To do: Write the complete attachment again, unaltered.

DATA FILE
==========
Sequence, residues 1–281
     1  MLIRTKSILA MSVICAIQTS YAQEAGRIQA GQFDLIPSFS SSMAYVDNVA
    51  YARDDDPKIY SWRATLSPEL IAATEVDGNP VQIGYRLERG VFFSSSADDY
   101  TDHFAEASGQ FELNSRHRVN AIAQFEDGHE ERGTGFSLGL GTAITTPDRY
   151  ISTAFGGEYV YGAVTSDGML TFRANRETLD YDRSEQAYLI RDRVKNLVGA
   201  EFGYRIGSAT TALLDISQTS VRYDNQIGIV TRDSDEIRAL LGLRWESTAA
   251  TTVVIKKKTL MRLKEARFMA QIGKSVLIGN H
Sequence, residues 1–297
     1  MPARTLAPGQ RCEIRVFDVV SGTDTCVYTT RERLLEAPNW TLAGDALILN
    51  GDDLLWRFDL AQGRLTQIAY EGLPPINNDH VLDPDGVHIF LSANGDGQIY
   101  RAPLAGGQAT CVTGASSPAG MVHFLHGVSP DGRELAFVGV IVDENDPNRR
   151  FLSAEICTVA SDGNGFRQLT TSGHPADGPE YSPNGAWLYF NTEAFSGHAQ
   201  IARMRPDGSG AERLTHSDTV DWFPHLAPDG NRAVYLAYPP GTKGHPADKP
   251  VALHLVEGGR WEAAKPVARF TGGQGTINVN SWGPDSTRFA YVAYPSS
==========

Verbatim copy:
Sequence, residues 1–281
     1  MLIRTKSILA MSVICAIQTS YAQEAGRIQA GQFDLIPSFS SSMAYVDNVA
    51  YARDDDPKIY SWRATLSPEL IAATEVDGNP VQIGYRLERG VFFSSSADDY
   101  TDHFAEASGQ FELNSRHRVN AIAQFEDGHE ERGTGFSLGL GTAITTPDRY
   151  ISTAFGGEYV YGAVTSDGML TFRANRETLD YDRSEQAYLI RDRVKNLVGA
   201  EFGYRIGSAT TALLDISQTS VRYDNQIGIV TRDSDEIRAL LGLRWESTAA
   251  TTVVIKKKTL MRLKEARFMA QIGKSVLIGN H
Sequence, residues 1–297
     1  MPARTLAPGQ RCEIRVFDVV SGTDTCVYTT RERLLEAPNW TLAGDALILN
    51  GDDLLWRFDL AQGRLTQIAY EGLPPINNDH VLDPDGVHIF LSANGDGQIY
   101  RAPLAGGQAT CVTGASSPAG MVHFLHGVSP DGRELAFVGV IVDENDPNRR
   151  FLSAEICTVA SDGNGFRQLT TSGHPADGPE YSPNGAWLYF NTEAFSGHAQ
   201  IARMRPDGSG AERLTHSDTV DWFPHLAPDG NRAVYLAYPP GTKGHPADKP
   251  VALHLVEGGR WEAAKPVARF TGGQGTINVN SWGPDSTRFA YVAYPSS